Today’s work was varied, depending on the kid–some were simply working through all bases 3-9 to write the numbers 1-20. Others were counting in bases at a random decade (from 70-90 in base 8, for example.) Yet others were taking random numbers (49, 76, 114, 162, etc.) to convert them to several different bases. Most were making up their own challenges for themselves, sometimes depending on their interest, and sometimes depending on the partner they had chosen. They were all totally engaged, and working hard the whole hour they were in my room.
So, at the end of class, two boys came up to ask me to check their work on converting a number in the decimal system (that was in the thousands) to their base 4. They were absolutely correct, and I asked them how they had figured it out without a periods chart. They then turned the paper over and showed me their chart of 4 to the 5th power-1, 4, 16, 64, 256, 1024. The number they were trying to convert was 1,028. They said when they saw 256, they had doubled it, and when they saw 512, they remembered from 2048 (the game) that 512 doubled to 1024, so they knew the conversion then- 1 set of 1024, 0 sets of 256, 64, or 16 + 1 set of 4, and no sets of 1s or, in base 4, 100010.
I asked them if they had used multiplication and they said yes–so I then asked the class if they had used multiplication while working in different bases, and they resoundingly answered yes! They also said they had had fun and they were looking forward to tomorrow’s class to keep going. The girl who had asked what bases had to do with multiplication at the beginning of the lesson asked me at the end if she could work on her charts during lunch–I asked her how much she had used multiplication in the last hour and she said “about a billion times.”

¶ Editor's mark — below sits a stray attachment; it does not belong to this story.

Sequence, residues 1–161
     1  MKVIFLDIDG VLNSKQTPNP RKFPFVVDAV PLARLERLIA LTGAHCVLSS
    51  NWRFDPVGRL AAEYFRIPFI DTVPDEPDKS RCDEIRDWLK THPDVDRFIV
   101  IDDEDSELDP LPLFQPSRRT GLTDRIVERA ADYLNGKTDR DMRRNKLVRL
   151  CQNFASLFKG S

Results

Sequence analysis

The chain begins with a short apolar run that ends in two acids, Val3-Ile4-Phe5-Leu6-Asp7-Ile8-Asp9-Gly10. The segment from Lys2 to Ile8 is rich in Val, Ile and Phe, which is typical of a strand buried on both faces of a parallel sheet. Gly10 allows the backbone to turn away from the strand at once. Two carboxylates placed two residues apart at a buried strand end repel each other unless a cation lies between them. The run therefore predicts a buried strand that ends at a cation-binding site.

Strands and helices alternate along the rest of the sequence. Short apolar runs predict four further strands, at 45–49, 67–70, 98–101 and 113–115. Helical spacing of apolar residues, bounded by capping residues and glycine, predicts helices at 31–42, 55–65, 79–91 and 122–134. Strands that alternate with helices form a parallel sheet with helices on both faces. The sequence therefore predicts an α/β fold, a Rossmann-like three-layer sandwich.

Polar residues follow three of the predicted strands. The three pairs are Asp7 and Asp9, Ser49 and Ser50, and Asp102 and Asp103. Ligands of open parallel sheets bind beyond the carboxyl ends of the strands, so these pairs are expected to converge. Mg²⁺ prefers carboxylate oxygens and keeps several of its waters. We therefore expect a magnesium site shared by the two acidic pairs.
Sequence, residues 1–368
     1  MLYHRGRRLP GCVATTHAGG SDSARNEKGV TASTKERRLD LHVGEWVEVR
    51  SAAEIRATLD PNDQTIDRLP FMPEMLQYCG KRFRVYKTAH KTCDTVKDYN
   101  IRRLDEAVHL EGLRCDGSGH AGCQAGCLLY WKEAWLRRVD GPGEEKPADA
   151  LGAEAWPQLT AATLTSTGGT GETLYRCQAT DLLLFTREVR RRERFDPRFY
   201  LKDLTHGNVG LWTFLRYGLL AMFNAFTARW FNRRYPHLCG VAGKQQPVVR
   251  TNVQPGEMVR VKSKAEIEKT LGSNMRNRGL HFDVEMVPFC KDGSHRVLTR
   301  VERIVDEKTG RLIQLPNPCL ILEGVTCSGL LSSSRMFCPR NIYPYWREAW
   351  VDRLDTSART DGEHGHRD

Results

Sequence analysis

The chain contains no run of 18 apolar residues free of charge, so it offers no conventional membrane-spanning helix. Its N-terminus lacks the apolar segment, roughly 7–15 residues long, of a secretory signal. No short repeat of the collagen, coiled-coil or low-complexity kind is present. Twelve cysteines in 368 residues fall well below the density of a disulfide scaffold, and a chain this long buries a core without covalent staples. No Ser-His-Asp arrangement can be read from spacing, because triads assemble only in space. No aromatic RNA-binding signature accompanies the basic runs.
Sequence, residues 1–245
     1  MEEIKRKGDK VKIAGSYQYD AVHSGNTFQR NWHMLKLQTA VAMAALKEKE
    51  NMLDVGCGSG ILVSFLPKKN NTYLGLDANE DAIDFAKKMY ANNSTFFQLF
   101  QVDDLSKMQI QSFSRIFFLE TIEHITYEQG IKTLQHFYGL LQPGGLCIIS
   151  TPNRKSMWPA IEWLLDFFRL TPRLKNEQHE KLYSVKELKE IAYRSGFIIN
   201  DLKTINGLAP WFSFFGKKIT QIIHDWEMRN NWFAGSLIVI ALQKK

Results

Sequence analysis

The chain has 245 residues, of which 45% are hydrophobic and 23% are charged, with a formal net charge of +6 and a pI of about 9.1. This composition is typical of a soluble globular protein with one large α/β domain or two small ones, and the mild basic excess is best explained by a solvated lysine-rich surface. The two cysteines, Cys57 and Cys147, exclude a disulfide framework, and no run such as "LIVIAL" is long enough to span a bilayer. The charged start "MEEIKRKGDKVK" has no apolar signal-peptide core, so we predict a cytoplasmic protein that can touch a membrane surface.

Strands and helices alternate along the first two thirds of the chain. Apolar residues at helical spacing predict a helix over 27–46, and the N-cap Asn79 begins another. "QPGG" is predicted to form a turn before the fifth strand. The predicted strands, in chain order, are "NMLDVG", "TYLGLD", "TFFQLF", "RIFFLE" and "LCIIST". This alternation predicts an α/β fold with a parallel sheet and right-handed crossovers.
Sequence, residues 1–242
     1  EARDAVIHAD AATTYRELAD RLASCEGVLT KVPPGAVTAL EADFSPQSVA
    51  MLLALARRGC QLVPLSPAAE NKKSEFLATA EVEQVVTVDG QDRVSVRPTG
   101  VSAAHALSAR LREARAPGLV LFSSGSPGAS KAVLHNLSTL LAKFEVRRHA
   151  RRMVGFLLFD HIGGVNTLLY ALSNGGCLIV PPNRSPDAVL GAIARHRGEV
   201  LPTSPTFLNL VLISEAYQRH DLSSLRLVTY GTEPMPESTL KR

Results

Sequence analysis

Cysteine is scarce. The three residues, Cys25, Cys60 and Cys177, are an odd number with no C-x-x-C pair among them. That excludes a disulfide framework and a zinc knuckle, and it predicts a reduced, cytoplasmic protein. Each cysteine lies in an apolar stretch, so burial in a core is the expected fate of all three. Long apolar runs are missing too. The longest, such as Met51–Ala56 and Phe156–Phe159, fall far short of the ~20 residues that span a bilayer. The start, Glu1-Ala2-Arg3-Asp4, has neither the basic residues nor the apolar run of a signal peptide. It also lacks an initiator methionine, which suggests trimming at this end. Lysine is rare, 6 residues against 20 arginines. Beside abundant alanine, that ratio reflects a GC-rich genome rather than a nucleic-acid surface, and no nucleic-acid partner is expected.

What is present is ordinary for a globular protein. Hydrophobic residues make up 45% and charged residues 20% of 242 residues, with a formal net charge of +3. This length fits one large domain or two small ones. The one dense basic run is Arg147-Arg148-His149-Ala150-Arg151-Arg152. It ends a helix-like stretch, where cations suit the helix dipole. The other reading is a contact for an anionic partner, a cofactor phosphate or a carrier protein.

I was surprised by today’s class for several reasons…the ability they had, as a group, to manipulate numbers in their heads was so different from a 5th grade class I worked with another day, their remembering the numbers from the 2048 game and their use of them in the bases, a kid saying he needed to really understand bases so he could do better programming since he was going to be a computer programmer when he grows up, the engagement of all 17 kids, even a few who were new to the class today, and the total immersion in setting up challenges for themselves as they worked to understand the patterns and ways each base worked.
The fact that most of them were totally working independently, working with a partner, (so there were checks and balances) and having fun was great. But the conversations and explanations I heard clearly said they understand the systems better now that when we began last week. The fact they were looking for combinations of factors of a number showed their deep understanding of decomposing numbers. And, the way they were manipulating digits in various places to both show that factoring and the total number said they have grasped some major understandings of place value–my original goal. Today was a day for kidwatching. Now to help them verbalize those understandings and consciously recognize what they know and have learned…that’s tomorrow’s work.